This Article addresses a common characteristic of antidiscrimination law: To what extent should one antidiscrimination campaign be held accountable for other, related, discriminatory structures that it does not and cannot purport to correct? Plaintiffs in antidiscrimination cases are sometimes expected to account for the larger social context in which their claim is made. Defendants invoke this larger context as a way of rebutting the discrimination claim, by arguing that the plaintiff’s claim has “discriminatory residue” that would exacerbate related discriminatory structures. For example, in a case in which same-sex couples seek the right to contract with surrogate mothers, the defendant can argue that accepting the plaintiffs’ claim that they are discriminated against on the basis of sexuality might exacerbate the exploitation of surrogate mothers. This Article dubs such rebuttal claims RADARs: reciprocal antidiscrimination arguments. It offers a framework for weighing RADARs’ feasibility, by mapping both their potential and their limitations. It concludes that RADARs can be useful analytical tools for legislators and policymakers when assessing the overall impact of specific antidiscrimination measures. RADARs are also helpful for cause lawyers in considering the long term impacts of antidiscrimination litigation. In contrast, courts should be cautious in accepting RADARs made by defendants in antidiscrimination cases due to the inherent institutional and procedural limitations of adjudication.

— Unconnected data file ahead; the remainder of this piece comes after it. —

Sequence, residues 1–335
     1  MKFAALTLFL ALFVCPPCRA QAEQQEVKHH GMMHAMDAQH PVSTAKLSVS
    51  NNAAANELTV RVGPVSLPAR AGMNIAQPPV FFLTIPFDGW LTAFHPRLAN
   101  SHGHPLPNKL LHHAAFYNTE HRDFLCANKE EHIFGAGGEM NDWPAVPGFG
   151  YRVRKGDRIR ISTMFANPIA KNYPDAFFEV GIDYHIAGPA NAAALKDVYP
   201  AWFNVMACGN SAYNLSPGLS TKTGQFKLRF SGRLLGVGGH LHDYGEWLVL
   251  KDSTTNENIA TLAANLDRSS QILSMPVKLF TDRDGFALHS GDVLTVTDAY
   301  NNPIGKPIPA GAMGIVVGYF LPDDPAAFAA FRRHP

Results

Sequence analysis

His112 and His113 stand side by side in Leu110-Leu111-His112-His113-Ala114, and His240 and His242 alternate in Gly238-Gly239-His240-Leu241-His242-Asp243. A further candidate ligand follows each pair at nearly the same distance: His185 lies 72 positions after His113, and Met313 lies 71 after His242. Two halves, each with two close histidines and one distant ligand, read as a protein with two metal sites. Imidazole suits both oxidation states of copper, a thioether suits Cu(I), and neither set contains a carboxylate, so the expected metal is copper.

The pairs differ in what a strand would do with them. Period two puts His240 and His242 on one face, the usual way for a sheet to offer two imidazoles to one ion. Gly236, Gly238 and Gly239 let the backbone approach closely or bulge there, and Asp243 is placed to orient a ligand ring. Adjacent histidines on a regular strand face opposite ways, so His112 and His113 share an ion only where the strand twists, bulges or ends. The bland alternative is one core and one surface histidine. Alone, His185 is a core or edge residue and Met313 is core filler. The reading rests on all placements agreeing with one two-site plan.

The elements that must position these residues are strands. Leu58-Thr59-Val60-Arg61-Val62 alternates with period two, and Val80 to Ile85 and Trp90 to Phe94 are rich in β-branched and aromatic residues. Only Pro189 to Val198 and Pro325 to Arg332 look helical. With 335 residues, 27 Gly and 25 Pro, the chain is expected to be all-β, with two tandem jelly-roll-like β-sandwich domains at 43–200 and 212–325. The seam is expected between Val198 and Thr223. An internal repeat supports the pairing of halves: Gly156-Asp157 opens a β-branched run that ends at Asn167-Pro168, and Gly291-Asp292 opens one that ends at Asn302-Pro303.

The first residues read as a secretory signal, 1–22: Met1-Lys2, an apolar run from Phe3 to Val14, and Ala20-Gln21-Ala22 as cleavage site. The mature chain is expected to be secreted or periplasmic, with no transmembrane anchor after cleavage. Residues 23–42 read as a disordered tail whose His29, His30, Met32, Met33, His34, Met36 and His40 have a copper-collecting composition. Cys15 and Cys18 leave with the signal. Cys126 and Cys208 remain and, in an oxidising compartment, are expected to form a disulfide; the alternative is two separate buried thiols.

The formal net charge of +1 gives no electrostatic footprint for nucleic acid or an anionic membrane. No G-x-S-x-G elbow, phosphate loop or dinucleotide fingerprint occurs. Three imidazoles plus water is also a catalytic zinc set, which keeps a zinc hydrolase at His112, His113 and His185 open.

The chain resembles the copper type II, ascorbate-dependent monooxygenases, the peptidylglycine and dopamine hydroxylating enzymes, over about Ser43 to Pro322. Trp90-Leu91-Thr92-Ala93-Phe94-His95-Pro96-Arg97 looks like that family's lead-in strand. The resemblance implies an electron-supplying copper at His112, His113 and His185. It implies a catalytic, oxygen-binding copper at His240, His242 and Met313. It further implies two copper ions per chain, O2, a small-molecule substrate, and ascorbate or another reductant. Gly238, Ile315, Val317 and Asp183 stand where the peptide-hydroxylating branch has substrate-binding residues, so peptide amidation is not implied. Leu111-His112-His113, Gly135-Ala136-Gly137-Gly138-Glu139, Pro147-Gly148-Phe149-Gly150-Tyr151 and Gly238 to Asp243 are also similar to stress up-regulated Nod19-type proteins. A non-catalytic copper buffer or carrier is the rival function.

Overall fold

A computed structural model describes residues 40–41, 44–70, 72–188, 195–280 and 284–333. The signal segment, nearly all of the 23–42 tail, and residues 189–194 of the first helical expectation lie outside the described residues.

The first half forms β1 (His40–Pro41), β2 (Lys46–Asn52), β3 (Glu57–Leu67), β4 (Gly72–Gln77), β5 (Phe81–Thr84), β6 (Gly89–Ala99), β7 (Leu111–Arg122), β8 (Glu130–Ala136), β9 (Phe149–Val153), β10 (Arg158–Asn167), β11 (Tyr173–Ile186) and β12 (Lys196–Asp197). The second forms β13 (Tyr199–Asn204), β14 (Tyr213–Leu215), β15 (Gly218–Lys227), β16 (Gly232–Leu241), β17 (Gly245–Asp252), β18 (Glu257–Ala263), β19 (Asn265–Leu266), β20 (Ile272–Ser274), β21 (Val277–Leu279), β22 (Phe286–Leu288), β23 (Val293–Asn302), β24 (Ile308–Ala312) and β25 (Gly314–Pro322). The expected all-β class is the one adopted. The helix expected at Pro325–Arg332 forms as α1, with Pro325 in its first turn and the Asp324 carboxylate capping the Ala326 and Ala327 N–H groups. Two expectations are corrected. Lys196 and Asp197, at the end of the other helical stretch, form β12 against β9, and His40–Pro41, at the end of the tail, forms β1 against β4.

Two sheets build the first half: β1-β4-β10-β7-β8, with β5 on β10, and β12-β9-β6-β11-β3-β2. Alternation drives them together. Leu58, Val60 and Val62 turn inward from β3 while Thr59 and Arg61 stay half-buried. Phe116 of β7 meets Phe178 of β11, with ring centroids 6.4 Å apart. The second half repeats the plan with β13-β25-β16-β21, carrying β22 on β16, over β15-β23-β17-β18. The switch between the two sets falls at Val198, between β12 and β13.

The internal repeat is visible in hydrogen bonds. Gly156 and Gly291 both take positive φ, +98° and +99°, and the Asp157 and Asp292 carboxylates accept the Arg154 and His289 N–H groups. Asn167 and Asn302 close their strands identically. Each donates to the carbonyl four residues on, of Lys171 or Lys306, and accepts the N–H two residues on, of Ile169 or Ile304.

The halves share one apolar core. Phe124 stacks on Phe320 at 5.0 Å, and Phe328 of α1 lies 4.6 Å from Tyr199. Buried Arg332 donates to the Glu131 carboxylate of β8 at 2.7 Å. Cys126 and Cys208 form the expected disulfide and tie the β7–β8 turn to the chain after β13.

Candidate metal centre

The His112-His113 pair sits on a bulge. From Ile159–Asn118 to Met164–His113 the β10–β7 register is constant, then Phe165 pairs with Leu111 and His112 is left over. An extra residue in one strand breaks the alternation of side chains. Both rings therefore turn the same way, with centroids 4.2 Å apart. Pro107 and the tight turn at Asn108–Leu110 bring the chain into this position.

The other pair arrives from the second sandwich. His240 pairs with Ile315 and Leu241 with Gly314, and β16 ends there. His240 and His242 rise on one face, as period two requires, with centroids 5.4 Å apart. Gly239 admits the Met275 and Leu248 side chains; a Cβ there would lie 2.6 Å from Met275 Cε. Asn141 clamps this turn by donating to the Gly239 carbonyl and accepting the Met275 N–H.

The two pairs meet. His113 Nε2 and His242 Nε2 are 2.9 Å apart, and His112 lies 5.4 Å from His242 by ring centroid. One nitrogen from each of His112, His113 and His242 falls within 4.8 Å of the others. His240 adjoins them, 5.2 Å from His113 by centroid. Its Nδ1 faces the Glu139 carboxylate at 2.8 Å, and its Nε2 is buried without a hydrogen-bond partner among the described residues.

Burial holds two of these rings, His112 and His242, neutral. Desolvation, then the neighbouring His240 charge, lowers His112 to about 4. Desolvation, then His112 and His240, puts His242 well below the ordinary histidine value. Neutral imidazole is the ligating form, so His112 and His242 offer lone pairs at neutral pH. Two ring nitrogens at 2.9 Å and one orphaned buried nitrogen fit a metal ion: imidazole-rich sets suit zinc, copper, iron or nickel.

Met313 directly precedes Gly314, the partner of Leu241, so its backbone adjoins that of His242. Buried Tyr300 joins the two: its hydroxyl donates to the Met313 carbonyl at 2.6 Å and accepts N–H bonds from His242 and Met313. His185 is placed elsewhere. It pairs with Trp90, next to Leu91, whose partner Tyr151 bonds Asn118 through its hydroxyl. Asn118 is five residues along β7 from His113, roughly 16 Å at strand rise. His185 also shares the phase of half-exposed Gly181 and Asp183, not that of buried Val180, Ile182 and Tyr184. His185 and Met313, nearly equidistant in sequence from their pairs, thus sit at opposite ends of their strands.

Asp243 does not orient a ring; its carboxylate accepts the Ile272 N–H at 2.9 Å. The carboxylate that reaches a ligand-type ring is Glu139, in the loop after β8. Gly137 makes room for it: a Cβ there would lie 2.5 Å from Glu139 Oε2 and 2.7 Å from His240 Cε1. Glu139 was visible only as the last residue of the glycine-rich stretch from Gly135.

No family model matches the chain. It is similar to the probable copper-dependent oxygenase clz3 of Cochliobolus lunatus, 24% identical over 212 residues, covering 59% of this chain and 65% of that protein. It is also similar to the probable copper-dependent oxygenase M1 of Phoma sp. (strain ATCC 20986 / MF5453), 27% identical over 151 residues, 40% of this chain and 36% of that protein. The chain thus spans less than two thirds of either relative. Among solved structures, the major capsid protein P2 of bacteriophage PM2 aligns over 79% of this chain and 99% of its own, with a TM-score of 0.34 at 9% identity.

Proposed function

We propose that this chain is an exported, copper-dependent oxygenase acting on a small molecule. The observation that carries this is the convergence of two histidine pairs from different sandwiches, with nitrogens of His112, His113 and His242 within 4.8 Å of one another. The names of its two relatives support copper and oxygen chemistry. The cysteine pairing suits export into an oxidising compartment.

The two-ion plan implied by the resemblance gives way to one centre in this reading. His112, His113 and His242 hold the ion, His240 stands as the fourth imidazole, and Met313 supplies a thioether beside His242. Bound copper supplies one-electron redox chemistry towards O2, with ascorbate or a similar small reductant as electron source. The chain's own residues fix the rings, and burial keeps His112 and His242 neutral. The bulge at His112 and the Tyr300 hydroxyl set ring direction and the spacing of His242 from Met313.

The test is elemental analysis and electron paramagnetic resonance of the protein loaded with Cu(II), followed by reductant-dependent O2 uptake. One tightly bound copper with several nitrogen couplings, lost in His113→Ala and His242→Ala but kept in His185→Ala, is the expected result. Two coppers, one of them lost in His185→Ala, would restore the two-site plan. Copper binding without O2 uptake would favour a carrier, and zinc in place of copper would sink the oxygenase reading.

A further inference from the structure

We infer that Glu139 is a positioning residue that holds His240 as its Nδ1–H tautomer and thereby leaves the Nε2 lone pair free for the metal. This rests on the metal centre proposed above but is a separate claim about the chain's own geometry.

- Cause Lawyering
Available at: http://works.bepress.com/yofi_tirosh/22/